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News Commentary

Space cooperation as vast space itself

Shanice-Espiritu Amador - Philstar.com
Space cooperation as vast space itself
This photo posted on the Philippine Space Agency Facebook page shows Diwata-1, the first Philippine microsatellite, being released into orbit from the International Space Station.
Photo courtesy of JAXA/NASA through STAMINA4Space

In 1975, one of the most significant milestones in space cooperation happened when a joint international space mission by the United States and the Soviet Union named the Apollo-Soyuz was successfully carried out. This event 49 years ago apparently started space cooperation among countries, symbolically thawing Cold War tensions in the world’s newest frontier at the time.

Today, cooperation in countless different areas whether domestic or across countries has become a household concept, especially in areas that concern our lands and seas. However, the topic of space cooperation continues to be foreign to most, especially to many who do not recognize the efficiency and effectiveness of using space science and technology applications (SSTA). 

In giving popular yet unassuming examples of the wider uses of space-based technologies, one can look at weather forecasting and monitoring as a strong illustration of their usefulness. This is most especially important to the Philippines given that our nation is prone to drastic weather patterns like typhoons and storms.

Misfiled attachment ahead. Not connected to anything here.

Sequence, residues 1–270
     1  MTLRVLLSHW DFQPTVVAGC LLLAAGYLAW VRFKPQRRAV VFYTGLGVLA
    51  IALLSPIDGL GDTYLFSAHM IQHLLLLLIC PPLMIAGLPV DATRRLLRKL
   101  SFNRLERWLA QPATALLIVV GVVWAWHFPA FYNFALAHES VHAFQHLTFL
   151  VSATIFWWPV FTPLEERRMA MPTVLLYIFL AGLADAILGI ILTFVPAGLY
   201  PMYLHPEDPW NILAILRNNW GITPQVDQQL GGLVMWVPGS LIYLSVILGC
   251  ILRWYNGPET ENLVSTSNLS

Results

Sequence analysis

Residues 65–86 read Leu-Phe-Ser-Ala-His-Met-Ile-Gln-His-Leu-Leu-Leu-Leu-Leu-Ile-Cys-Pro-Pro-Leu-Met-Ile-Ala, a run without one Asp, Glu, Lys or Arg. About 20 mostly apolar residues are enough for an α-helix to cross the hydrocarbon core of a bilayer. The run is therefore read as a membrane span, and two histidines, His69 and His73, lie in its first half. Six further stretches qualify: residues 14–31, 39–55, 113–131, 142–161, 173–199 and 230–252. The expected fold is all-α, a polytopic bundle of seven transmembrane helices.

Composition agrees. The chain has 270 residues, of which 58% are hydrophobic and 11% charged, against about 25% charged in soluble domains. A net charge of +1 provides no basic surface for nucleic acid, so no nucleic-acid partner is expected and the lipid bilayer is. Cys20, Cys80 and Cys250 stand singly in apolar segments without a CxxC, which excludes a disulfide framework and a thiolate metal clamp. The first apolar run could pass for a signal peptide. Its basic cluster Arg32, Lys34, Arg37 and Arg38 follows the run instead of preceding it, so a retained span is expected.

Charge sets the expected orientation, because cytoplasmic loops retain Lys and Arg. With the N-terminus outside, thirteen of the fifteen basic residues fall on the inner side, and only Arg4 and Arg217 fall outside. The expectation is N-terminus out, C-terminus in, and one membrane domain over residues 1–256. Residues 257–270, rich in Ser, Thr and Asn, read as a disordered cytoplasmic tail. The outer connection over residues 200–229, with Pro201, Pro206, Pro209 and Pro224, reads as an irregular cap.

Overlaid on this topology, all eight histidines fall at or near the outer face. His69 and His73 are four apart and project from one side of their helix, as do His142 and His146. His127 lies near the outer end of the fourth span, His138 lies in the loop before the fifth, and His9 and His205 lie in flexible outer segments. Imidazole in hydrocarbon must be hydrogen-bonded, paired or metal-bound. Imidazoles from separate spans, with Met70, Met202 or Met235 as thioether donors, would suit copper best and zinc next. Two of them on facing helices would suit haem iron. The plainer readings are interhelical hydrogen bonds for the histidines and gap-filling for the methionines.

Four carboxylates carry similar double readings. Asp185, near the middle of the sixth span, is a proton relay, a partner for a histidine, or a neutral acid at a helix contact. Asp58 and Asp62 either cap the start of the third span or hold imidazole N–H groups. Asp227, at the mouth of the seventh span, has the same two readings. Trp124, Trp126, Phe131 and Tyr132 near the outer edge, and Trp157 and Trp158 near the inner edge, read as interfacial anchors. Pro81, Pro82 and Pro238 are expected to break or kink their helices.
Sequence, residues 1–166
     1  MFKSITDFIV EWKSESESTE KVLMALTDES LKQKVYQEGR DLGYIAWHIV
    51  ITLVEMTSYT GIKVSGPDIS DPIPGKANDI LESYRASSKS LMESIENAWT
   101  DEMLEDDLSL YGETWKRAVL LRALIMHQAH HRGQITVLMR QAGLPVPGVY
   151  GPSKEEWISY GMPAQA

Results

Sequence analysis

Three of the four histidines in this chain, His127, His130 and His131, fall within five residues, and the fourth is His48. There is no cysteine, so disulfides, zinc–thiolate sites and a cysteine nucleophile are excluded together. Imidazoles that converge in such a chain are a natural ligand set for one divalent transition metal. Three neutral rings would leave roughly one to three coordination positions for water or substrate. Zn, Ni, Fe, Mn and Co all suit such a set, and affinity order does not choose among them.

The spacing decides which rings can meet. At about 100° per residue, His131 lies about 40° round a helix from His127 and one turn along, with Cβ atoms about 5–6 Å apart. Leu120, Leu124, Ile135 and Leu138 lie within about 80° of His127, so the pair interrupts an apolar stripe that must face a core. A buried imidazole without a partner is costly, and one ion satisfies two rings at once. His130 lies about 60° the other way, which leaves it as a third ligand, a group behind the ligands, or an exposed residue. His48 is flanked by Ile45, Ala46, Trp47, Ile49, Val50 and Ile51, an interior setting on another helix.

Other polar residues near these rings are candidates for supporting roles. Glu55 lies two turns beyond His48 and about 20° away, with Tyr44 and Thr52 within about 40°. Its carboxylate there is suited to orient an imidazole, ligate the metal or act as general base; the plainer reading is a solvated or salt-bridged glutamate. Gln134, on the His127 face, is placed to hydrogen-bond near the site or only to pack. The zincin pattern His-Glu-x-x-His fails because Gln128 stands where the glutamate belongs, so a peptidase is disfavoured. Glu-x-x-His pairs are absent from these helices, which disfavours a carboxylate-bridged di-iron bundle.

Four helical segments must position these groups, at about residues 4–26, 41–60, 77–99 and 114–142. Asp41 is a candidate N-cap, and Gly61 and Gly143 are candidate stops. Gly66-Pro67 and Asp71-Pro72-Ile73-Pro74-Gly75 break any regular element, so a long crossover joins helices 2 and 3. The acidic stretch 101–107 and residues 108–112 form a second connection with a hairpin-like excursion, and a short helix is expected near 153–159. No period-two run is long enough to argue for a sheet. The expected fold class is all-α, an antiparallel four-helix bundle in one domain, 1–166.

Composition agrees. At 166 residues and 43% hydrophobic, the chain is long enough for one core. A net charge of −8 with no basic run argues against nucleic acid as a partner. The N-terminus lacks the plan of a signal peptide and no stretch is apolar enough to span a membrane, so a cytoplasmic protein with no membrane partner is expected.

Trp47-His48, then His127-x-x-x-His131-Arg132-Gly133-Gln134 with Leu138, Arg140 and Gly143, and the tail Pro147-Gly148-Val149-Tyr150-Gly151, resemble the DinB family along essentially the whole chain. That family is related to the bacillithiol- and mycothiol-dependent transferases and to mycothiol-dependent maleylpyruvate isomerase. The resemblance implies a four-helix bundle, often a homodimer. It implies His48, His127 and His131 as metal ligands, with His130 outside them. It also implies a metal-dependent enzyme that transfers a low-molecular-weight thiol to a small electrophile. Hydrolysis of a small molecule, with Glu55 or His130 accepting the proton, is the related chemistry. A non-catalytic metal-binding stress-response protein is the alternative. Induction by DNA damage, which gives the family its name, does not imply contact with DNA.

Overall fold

Space-based technologies have the potential to provide critical information for disaster risk management. Another common use by most would be connectivity in both navigation and connectivity to the rest of the world by television and radio. People's lives have undoubtedly been made easier through the use of global positioning satellites (GPS), and our worlds have broadened, thanks to shows on television and radio access. 

Agriculture and the environment have also greatly benefited from space infrastructure. Crop health and soil moisture can be monitored more efficiently, while sensors within orbiting satellites in space can monitor significant changes in sea levels, deforestation, and even levels of pollution especially in urban areas. If used properly, the information gathered from the usage of spaceborne instruments becomes vital to conservation and environmental management efforts.

Security is also a key benefit arising out of SSTA. Maritime domain awareness transcends discussions of being able to monitor Chinese Coast Guard and Chinese fishing vessels in the West Philippine Sea.

One benefit under the maritime domain is the ability to monitor vessel movements, maritime traffic, port conditions, and more. People are able to claim and assert our rights in the West Philippine Sea thanks to advancements in the spaceborne monitoring of our seas.

All the sectors mentioned above point to areas that we at the Institute track as part of the Stratbase Institute’s 7 geopolitical risks and opportunities. At the heart of it, risks and opportunities of the greater Filipino public are duly addressed and taken care of, thanks to the new technology that has risen.